I dangled my feet over the edge of the cliff, watching the sun slowly set over the boundless horizon. A flock of gulls drifted lazily along the surface of the ocean, occasionally dipping beneath the waves to snatch a fish.
‘Superb!’ I chortled, taking a sip from my flask.
‘Sir!’ came a choked gasp from below me. I frowned and looked down to see Ivor, my venerable assistant, struggling to climb the last few feet up the side of the mountain.
‘Ah, Ivor!’ I clapped. ‘Have you returned with my prospective architects?’
‘Yes, sir. I just need you to move your feet so I can get past—’
‘Fine,’ I rolled my eyes, lifting them up and off their comfortable perch – Ivor’s head, as it turned out.
One by one, a small group of men finished the ascent, and began scoping out the top of the cliff with notepads.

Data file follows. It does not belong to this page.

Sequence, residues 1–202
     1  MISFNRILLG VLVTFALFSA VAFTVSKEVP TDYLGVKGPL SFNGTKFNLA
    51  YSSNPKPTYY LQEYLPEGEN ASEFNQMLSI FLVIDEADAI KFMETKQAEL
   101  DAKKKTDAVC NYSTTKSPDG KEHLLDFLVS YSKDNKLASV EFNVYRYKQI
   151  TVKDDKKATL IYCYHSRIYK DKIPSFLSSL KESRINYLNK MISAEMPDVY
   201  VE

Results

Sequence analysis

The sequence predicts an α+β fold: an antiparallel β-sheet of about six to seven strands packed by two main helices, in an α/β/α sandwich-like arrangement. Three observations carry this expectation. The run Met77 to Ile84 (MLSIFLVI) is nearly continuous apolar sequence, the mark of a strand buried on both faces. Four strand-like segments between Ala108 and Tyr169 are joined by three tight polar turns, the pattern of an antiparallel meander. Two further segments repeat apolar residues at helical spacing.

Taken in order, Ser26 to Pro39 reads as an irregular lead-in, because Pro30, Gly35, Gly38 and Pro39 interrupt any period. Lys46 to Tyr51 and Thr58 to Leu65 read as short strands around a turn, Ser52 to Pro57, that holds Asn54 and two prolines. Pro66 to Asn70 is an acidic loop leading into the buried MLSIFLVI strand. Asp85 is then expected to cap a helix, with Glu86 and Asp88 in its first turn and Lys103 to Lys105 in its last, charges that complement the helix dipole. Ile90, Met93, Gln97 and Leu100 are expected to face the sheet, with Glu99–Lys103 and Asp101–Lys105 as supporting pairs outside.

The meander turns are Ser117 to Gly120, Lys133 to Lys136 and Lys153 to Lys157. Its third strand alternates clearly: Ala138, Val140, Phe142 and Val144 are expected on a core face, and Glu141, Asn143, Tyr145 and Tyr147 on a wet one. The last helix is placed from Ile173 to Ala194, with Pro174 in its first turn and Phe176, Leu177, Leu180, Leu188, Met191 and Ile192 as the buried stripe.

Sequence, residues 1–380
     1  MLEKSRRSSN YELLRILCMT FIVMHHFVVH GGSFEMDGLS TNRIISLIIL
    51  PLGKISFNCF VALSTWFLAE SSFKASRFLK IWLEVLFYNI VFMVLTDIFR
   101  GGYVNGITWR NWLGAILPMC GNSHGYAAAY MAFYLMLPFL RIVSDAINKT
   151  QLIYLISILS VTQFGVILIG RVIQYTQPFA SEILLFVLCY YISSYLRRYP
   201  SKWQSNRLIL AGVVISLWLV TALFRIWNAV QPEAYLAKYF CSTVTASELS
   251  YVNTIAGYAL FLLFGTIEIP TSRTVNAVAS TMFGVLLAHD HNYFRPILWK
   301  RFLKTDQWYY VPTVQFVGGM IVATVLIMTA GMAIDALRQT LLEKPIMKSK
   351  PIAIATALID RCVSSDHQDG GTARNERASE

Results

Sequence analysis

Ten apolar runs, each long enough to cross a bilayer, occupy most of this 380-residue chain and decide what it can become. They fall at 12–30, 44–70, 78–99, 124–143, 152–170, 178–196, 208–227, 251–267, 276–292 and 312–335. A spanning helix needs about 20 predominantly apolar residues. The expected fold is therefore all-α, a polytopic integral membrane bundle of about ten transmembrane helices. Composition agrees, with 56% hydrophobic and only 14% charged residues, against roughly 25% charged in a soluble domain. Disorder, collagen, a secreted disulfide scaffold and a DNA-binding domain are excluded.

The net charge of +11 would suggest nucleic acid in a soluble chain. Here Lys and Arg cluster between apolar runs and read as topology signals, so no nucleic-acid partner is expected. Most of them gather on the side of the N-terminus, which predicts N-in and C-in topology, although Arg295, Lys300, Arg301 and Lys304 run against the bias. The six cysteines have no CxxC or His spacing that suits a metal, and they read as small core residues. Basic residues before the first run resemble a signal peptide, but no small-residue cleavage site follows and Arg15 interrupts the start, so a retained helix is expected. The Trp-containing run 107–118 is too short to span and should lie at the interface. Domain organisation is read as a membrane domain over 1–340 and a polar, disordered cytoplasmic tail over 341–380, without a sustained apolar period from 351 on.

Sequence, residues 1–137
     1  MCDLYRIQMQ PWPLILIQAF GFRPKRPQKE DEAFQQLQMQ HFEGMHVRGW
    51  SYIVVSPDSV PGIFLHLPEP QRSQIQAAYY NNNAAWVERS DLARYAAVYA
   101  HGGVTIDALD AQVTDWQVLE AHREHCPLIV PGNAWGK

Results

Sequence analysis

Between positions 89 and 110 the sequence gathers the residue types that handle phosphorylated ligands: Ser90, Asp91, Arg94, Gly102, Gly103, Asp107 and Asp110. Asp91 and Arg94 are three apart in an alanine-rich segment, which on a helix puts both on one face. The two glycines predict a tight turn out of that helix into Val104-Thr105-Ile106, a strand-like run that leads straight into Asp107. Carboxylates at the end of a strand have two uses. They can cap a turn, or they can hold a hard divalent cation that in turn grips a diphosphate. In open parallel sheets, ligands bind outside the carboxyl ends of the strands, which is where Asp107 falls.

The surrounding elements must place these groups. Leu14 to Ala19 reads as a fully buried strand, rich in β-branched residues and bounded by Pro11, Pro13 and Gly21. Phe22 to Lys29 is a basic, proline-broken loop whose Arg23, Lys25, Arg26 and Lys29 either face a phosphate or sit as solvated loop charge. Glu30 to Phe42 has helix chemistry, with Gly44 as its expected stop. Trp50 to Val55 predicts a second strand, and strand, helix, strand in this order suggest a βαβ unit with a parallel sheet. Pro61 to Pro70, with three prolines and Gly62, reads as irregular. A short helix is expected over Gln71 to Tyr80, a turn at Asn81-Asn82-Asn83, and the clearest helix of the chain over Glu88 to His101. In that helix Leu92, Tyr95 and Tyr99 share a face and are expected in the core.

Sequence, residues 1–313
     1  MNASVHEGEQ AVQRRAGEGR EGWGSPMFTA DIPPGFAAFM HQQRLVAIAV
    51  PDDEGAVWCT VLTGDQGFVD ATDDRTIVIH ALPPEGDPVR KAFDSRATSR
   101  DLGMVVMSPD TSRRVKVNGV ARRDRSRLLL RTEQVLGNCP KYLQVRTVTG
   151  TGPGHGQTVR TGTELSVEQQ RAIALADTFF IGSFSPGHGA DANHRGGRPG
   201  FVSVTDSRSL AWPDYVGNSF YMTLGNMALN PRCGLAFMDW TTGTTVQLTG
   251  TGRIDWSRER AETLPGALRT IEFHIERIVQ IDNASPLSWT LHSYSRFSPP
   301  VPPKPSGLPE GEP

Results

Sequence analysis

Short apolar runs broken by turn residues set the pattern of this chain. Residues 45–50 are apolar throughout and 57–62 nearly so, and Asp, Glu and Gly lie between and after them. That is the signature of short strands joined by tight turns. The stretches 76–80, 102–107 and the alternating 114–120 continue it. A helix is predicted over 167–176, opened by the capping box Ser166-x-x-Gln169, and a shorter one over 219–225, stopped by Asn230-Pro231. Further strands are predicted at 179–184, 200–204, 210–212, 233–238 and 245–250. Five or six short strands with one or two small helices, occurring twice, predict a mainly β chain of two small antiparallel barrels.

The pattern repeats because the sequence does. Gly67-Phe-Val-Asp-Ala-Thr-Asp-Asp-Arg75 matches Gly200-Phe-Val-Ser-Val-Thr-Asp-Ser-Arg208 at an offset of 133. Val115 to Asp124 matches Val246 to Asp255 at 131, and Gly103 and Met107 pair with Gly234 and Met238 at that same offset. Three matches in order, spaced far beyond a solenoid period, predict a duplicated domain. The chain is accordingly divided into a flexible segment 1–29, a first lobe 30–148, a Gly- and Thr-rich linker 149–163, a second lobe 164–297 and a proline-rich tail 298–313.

‘These are the new home builders for hire on the Mornington Peninsula?’ I asked Ivor. He nodded enthusiastically.
‘They sure are, sir.’
‘That man isn’t wearing a shirt, Ivor,’ I muttered.
‘Well, it was warm when we started climbing, sir,’ he said nervously.
‘You there!’ I called to the shirtless man. ‘Yes, you!’
He trundled over, pencil tucked behind his ear, frown on his face. ‘How’s can I helps ya?’ he asked, then spat over the side of the cliff.
‘I’m just curious,’ I began with a tight smile. ‘Would you describe yourself as belonging to a firm of, say… luxury home architects?’
‘I’m whatever you need me to be,’ he shrugged, hocking up another ball of spit.
‘Charming,’ I frowned, watching it sail down to the ground. ‘I’m afraid I’ve decided to go with a different company for this particular endeavour.’
‘Who?’ he frowned. ‘Pauly?’
‘I don’t know who—no,’ I cut myself off. ‘Not Pauly.’
‘It’s a shame,’ he shrugged. ‘Pauly is good people.’
‘Good to know,’ I said through gritted teeth. ‘Ta-ta now. Safe travels.’
‘Ivor,’ I hissed, once the man was gone. ‘Exactly who are these yokels you’ve brought to me?’